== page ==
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  • Author or Editor: Chelsea H. Farnsworth x
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Abstract

OBJECTIVE To assess stakeholders' expectations regarding new veterinary graduates' ability to perform various diagnostic and surgical procedures.

DESIGN Cross-sectional survey.

SAMPLE Veterinary students, recent graduates, clinical veterinary college faculty, and general practitioners at or from AVMA Council on Education–accredited colleges of veterinary medicine in the United States and Caribbean.

PROCEDURES Respondents rated how proficient they expected new graduates, on their first day of practice, to be in 8 diagnostic procedures and the degree of independence they expected of new graduates in 8 surgical procedures.

RESULTS Response rate was 9% (235/2,500) for practitioners, 12% (151/1,275) for faculty members, 14% (70/500) for recent graduates, and 15% (1,731/11,474) for students. All 4 respondent subgroups expected that new graduates would be able to adequately perform a fine-needle aspirate of a subcutaneous mass (96% to 98% expected new graduates to be able to adequately perform this procedure) and a cystocentesis (93% to 97% expected new graduates to be able to adequately perform this procedure). The greatest variability in responses was noted for performing hand ties, ultrasound-guided liver biopsy, and arthrocentesis. Most respondents expected new graduates to be able to independently perform a canine castration (82% to 94% expecting independence), feline subcutaneous mass removal (66% to 75% expecting independence), and canine ovariohysterectomy (65% to 89% expecting independence).

CONCLUSIONS AND CLINICAL RELEVANCE Results revealed a diversity of opinion regarding expected proficiency for new graduates performing various diagnostic and surgical procedures. Findings may help colleges of veterinary medicine refine their curricula by providing end points for student training.

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in Journal of the American Veterinary Medical Association

Abstract

OBJECTIVE

To determine whether addition of an optional clinical skills laboratory (OCSL) to the traditional surgery curriculum would affect total surgery time or incision closure time in veterinary students performing ovariohysterectomy of a dog during a third-year surgery course.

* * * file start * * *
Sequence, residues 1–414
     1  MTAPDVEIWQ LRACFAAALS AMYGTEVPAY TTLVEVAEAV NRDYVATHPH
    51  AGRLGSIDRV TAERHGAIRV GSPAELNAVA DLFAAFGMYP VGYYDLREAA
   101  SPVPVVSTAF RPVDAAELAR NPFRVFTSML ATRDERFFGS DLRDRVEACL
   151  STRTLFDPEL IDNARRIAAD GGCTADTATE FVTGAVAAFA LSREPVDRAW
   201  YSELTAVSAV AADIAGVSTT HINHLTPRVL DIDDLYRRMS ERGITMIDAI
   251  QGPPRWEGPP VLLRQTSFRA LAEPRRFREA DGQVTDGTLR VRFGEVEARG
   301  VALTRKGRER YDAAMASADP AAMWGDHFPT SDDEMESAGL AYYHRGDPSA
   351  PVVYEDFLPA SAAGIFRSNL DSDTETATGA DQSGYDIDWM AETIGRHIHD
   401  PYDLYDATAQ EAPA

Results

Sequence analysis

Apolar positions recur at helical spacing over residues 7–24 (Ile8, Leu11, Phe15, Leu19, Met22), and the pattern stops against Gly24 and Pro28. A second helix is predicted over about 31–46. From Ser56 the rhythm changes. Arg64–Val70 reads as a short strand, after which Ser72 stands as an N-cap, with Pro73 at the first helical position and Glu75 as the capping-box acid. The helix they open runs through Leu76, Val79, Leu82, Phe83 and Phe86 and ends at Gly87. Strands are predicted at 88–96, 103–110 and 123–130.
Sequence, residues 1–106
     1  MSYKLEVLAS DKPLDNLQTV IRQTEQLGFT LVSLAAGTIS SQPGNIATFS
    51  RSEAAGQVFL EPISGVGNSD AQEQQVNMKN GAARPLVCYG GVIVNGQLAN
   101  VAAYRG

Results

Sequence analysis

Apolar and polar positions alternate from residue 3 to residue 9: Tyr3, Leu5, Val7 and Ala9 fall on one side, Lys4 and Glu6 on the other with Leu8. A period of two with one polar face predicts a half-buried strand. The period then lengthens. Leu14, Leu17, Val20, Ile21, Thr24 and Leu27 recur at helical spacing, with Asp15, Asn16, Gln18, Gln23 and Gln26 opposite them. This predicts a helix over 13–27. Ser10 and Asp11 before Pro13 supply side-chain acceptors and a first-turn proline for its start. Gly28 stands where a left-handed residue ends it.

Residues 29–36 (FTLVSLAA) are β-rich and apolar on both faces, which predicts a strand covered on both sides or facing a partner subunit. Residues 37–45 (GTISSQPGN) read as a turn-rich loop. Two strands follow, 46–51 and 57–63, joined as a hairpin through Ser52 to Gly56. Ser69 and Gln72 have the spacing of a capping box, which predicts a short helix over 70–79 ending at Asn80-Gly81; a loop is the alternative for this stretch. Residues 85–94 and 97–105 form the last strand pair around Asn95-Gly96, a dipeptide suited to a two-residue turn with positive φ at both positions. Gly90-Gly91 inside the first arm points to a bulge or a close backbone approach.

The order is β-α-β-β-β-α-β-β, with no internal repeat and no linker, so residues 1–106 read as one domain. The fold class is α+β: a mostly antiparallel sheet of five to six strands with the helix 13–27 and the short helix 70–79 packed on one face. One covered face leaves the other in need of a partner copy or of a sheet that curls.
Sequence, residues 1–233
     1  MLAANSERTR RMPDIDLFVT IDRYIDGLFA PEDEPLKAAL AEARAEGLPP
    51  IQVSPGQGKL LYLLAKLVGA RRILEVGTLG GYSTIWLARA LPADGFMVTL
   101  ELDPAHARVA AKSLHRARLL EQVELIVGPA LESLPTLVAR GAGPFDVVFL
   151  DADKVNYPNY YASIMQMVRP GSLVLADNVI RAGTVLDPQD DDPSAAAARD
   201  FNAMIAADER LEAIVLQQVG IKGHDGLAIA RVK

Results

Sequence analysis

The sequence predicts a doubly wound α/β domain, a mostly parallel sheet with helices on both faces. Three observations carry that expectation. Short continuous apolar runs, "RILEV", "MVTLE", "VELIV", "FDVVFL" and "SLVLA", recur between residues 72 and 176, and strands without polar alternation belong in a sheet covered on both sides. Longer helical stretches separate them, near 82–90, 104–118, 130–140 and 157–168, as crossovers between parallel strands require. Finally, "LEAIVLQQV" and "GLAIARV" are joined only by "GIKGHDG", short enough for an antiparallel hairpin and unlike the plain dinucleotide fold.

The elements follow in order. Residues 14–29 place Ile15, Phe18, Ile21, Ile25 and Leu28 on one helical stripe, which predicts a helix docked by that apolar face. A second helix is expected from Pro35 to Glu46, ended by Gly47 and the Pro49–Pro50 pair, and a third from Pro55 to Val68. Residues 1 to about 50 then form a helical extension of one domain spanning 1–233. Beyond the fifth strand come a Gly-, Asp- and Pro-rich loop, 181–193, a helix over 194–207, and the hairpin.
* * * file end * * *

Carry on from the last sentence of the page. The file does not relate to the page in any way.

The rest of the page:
DESIGN

Retrospective and prospective study of veterinary student attendance at OCSL sessions and student performance during the third-year surgery course.

SAMPLE

Students from the classes of 2012, 2013, and 2014 at the Washington State University College of Veterinary Medicine.

PROCEDURES

For all students, total surgery time and incision closure time were recorded when students performed an ovariohysterectomy of a dog during their third-year live-animal surgery course. Times were analyzed to identify differences among classes and determine whether times were associated with number of OCSL sessions attended, previous experience performing ovariohysterectomies, or enrollment in an elective clinical skills course.

RESULTS

Total surgery and incision closure times were not significantly different between students in the class of 2012 (no access to the OCSL prior to the third-year surgery course) and students in the class of 2013 (ie, access to 4 OCSL sessions during the spring semester prior to the third-year surgery course). However, times were significantly shorter for students in the class of 2014 (ie, students who had access to OCSL sessions during the 3 semesters prior to the third-year surgery course) than for students in the other 2 classes.

CONCLUSIONS AND CLINICAL RELEVANCE

Results suggested that attendance in the OCSL sessions was associated with improvements in surgical performance, as reflected in faster total surgery and incision closure times while performing an ovariohysterectomy during the third-year surgery course.

Restricted access
in Journal of the American Veterinary Medical Association